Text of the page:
Cyble Research and Intelligence Labs (CRIL) have been actively monitoring malicious Python packages, uncovering a disturbing trend. One of their recent findings includes the discovery of an InfoStealer named KEKW, which was spreading through multiple malicious Python packages.
PyPI, known as the Python Package Index, is a popular third-party software repository for the Python programming language. However, the rise in malicious Python packages has prompted concerns among developers and security researchers.
As a result, CRIL conducted comprehensive investigations into the incident, revealing the extent of the problem and shedding light on various aspects of these malicious Python packages.
A surge in malicious Python packages
During their research, CRIL identified over 160 malicious Python packages downloaded over 45,000 times, based on statistics obtained from PePy.
Even more concerning was the month-over-month increase in downloads of these malicious packages. Fortunately, PyPI promptly removed all of these packages, preventing further infections.
To visualize the issue’s magnitude, CRIL provided a graph illustrating the distribution of the number of packages downloaded in the last three months. One noteworthy thing found during the CRIL’s investigation was uploading Python packages with intentionally misspelled names.
Threat actors capitalized on users’ typographical errors during package installations, leading them to install malicious packages unknowingly.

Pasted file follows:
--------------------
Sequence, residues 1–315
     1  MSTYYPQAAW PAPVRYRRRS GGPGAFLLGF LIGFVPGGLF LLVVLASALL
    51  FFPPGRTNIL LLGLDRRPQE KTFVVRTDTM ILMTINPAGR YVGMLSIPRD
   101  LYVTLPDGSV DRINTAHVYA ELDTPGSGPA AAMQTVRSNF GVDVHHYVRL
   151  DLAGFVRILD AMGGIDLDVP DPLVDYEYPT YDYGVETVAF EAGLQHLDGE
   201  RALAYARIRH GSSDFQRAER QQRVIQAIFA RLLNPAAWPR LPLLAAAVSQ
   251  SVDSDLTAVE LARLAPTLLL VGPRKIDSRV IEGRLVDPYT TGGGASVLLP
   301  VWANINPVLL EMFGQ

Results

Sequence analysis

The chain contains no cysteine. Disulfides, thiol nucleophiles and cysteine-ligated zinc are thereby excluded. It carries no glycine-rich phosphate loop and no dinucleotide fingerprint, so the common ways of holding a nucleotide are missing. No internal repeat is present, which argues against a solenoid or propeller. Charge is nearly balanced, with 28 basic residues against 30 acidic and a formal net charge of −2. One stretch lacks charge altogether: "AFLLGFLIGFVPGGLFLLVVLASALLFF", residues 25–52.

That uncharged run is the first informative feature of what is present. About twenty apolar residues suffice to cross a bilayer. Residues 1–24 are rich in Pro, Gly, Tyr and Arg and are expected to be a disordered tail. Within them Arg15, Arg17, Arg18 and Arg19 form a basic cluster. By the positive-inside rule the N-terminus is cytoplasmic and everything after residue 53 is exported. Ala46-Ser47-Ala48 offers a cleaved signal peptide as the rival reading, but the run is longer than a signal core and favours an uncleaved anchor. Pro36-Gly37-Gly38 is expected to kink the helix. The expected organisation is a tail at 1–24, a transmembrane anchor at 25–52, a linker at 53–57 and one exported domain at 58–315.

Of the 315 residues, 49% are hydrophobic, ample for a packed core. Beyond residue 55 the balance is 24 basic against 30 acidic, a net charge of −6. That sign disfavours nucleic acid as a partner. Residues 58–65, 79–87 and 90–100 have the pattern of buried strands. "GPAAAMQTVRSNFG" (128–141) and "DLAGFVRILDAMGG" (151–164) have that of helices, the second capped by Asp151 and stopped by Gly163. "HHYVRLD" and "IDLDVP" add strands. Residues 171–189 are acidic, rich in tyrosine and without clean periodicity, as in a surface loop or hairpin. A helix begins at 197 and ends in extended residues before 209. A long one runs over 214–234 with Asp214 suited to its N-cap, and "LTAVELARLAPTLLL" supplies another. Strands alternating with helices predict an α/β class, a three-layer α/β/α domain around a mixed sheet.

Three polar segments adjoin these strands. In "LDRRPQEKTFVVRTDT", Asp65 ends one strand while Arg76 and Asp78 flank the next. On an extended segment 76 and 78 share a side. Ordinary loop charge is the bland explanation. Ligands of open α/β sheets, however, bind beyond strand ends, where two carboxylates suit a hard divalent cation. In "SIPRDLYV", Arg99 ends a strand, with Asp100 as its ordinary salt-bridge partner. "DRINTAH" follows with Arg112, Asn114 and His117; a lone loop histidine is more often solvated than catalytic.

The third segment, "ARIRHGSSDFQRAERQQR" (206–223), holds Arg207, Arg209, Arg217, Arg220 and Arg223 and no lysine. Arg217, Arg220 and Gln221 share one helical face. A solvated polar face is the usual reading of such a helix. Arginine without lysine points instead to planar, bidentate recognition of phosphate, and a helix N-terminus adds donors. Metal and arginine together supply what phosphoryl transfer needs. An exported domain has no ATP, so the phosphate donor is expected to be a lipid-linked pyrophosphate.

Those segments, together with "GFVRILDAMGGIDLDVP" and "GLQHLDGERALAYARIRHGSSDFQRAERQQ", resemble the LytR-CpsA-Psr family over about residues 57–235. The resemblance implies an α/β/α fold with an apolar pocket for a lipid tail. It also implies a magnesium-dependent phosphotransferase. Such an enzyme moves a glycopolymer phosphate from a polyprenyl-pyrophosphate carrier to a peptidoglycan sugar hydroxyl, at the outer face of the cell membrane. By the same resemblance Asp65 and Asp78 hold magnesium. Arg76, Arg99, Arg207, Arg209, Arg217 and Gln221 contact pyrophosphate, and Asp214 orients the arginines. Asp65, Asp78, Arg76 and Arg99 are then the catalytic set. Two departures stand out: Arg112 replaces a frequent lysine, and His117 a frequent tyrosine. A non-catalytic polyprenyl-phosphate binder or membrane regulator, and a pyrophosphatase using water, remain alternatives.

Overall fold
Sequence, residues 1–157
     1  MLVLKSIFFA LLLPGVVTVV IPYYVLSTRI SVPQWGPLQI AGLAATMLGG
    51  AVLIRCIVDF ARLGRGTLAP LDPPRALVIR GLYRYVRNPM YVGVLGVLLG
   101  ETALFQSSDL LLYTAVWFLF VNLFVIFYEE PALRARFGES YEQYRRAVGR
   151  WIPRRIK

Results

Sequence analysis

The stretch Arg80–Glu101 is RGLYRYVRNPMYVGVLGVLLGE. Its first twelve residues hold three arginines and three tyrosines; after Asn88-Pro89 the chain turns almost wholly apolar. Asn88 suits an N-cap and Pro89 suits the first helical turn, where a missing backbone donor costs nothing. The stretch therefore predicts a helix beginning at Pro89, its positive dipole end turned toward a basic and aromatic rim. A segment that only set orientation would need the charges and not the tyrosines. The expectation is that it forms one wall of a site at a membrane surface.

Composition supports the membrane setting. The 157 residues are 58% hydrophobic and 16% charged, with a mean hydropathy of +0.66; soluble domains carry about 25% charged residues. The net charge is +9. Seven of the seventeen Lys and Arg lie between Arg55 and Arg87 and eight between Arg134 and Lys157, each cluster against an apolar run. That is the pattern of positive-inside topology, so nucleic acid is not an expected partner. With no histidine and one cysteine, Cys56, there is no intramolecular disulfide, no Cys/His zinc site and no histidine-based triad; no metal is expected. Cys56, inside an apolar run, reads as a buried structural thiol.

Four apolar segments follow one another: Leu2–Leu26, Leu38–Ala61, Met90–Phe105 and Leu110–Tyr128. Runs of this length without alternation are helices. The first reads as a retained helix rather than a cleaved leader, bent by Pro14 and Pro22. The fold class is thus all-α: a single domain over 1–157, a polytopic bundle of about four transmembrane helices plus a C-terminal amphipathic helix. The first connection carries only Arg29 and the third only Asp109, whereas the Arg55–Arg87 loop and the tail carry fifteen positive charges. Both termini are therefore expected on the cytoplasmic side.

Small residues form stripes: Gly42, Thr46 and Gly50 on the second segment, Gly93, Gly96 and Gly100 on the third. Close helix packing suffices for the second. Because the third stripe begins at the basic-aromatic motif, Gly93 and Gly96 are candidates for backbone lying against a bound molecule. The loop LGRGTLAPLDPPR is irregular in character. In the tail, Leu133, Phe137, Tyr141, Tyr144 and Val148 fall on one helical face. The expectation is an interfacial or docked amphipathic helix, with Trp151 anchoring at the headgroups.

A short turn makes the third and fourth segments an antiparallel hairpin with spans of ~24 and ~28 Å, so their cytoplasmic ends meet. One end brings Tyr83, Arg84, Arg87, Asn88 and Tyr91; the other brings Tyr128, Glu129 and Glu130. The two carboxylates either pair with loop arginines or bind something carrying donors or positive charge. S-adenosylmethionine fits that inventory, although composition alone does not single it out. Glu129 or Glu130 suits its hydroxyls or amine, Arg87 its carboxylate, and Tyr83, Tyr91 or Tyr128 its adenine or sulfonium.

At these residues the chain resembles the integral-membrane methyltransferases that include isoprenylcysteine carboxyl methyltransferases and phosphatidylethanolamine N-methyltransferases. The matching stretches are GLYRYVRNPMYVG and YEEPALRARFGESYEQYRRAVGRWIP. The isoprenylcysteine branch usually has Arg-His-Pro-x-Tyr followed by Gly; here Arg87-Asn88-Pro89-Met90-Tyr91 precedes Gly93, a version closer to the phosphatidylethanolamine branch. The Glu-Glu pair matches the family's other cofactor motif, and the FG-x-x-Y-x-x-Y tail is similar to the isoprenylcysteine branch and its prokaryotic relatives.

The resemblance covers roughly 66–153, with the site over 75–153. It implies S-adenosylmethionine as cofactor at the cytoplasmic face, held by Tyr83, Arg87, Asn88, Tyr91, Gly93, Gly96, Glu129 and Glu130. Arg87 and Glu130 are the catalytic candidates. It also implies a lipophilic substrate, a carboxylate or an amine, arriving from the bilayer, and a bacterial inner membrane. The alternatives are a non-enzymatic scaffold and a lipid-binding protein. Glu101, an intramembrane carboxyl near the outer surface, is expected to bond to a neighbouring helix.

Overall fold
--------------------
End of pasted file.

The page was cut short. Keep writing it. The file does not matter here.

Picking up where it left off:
For instance, CRIL found a package named ‘reaquests’ that imitated a legitimate and widely used Python package called “requests.” Such packages put users at risk of malware infections.
CRIL also uncovered several malware variants associated with these malicious packages. These packages employed an identical downloader, collectively accumulating 1355 downloads.
The downloader retrieves a remote script from a designated URL, obfuscated using the Hyperion Python obfuscator, known for its multi-layered obfuscation techniques.
The Creal Stealer, an open-source stealer commonly used by threat actors, was also discovered to be distributed through Python packages. These packages, downloaded over 1300 times, further highlight the dangers associated with malicious Python packages.
Propagation of EvilPIP and its Implications
CRIL’s investigation encountered a package named “Sintaxiscodigo-0.0.0-py3-none-any” with over 300 downloads.
Further analysis revealed that this package propagated EvilPIP, a malicious PyPI module. Although the specific module has been removed, its upload demonstrated the intent to infect users.
CRIL’s analysis emphasized the prevalence of InfoStealers being propagated through malicious Python packages.
To mitigate the risks posed by malicious packages, users and businesses are urged to exercise caution when installing Python packages, ensuring they are obtained from trusted sources.
Regularly updating security measures and employing reliable antivirus software can provide additional protection against these threats.
Moreover, the surge in malicious Python packages has prompted PyPI to suspend new user and project name registrations temporarily.
The investigations conducted by CRIL shed light on the scope of the problem, including the use of misspelled package names, the proliferation of new malware variants, and the adoption of obfuscation techniques by threat actors.